Business writing is littered with abbreviations. They’re helpful for communication between people who are equally well-informed about their meaning.
If you are going to use an abbreviation in a document or presentation make sure you explain it the first time you use it.
A TLA is an abbreviation for three letter acronym but it is, itself, an initialism and not an acronym.
An acronym is an abbreviation formed from the initial letters of other words and pronounced as a word. An initialism is an abbreviation consisting of initial letters pronounced separately (such as TLA).
Some style guides recognise this difference by capitalising all the letters in an initialism but only the first letter of an acronym. Thus BBC for the broadcaster and Nasa for the space agency. And, since I write for accountants, this style approach would mean the major institutes in England would be written as ICAEW, ACCA, Cima and Cipfa.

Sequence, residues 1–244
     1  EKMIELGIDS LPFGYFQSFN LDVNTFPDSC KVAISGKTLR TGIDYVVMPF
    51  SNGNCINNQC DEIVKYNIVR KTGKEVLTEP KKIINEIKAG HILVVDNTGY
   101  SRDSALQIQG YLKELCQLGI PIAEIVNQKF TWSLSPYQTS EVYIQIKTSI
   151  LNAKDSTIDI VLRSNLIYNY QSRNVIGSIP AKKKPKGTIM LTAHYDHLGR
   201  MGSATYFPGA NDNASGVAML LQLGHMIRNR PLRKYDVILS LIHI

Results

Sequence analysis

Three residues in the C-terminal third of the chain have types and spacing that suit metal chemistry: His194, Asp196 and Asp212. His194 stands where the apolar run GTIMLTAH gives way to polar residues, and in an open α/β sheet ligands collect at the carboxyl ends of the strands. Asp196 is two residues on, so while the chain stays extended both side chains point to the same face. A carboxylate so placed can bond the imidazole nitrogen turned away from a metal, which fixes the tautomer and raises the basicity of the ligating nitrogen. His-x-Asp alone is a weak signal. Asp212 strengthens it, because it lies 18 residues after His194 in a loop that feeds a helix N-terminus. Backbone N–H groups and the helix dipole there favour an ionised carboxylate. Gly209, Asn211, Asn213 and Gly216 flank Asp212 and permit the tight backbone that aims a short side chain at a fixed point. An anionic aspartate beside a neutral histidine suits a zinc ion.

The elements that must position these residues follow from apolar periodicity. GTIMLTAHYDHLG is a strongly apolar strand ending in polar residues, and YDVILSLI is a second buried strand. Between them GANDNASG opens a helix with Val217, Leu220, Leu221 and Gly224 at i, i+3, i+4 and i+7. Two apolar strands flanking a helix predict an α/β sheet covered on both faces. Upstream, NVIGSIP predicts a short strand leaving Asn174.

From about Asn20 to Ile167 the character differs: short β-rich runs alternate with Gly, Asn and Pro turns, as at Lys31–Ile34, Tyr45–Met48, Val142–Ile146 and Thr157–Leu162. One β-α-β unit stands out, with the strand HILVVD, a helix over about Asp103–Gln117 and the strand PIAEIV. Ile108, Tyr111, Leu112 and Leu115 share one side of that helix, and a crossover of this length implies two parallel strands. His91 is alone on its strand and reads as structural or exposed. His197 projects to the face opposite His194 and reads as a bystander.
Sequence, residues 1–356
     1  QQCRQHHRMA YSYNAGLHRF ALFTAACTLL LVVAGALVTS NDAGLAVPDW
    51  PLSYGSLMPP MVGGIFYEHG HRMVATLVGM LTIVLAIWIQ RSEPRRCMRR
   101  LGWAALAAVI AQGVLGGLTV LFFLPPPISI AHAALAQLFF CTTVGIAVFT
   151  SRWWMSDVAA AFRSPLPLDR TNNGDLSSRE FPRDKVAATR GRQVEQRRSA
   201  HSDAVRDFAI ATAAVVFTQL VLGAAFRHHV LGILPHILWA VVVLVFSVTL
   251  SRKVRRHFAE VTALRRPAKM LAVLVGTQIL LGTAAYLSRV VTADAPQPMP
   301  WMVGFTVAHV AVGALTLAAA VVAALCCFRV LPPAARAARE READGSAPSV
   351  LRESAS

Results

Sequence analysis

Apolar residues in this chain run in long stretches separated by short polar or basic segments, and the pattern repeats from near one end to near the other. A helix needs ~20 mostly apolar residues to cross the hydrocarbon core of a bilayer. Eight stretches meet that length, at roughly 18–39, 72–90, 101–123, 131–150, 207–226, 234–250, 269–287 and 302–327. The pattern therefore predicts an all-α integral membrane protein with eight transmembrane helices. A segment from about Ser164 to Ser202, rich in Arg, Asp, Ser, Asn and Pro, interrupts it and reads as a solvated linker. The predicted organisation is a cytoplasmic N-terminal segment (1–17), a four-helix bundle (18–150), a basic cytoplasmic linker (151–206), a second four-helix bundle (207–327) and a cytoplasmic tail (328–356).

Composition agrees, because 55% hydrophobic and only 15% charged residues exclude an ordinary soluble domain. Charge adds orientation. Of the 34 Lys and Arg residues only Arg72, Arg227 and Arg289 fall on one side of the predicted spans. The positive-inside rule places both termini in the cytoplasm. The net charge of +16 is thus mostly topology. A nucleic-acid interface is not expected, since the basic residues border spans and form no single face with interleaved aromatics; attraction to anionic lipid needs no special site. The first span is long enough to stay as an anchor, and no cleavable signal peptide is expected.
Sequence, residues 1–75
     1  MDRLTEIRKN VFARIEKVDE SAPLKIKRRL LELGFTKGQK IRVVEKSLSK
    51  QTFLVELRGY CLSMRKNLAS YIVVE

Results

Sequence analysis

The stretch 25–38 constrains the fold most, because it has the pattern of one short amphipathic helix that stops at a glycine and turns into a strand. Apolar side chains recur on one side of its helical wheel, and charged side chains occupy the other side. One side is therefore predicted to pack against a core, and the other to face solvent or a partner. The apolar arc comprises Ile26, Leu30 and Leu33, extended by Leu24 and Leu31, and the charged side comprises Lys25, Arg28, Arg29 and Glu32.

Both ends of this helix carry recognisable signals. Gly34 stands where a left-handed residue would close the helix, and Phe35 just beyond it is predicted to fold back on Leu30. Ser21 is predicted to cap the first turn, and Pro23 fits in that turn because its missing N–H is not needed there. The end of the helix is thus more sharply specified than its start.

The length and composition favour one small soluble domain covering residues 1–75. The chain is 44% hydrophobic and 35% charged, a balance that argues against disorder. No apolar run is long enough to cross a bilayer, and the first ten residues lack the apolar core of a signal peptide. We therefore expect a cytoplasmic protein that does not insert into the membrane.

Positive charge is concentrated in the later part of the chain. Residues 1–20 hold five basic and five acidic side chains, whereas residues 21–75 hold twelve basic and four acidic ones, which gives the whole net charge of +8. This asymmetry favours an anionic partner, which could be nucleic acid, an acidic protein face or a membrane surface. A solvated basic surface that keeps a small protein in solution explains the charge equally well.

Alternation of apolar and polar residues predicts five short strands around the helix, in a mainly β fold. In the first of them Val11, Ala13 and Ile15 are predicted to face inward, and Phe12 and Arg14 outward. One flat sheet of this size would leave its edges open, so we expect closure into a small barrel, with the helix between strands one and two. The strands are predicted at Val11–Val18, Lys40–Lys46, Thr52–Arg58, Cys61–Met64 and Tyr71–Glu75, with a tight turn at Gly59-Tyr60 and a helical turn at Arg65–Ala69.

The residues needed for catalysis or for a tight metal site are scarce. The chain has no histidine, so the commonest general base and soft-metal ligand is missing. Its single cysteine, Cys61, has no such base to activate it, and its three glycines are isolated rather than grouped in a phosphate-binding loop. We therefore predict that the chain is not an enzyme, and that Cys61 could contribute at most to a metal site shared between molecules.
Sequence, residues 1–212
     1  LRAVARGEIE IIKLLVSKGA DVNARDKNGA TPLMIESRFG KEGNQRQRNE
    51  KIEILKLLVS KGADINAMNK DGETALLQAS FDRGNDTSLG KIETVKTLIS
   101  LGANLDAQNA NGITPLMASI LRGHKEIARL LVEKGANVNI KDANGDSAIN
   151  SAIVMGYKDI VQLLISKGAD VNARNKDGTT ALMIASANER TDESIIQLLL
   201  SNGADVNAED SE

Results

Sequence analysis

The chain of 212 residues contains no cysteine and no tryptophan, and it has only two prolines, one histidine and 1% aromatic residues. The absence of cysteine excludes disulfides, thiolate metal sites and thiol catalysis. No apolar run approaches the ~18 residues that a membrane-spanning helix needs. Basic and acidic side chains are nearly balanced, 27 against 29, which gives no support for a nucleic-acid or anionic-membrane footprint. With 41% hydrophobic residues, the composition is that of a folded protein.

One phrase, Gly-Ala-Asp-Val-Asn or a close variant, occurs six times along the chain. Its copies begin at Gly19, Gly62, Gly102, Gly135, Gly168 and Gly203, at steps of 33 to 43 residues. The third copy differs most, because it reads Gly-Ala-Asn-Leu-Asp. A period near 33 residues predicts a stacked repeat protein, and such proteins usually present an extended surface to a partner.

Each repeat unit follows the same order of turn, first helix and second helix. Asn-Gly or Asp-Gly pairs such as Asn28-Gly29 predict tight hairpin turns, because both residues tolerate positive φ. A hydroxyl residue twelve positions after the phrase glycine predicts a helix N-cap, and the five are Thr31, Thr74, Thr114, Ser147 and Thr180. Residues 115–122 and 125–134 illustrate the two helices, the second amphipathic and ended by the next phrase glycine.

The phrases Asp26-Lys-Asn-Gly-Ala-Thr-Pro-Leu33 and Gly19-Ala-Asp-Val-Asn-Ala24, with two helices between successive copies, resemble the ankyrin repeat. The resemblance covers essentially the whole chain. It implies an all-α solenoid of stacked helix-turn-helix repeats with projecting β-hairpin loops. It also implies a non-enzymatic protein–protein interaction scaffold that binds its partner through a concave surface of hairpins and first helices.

Back in the days of typewriters, abbreviations would have had full stops (periods) after each letter (such as N. H. S.) but I’ve not seen that style used for 30 years. A full stop is also not needed at the end of abbreviations where the last letter is kept (such as Dr) but is needed where the last letter is omitted (such as Prof.)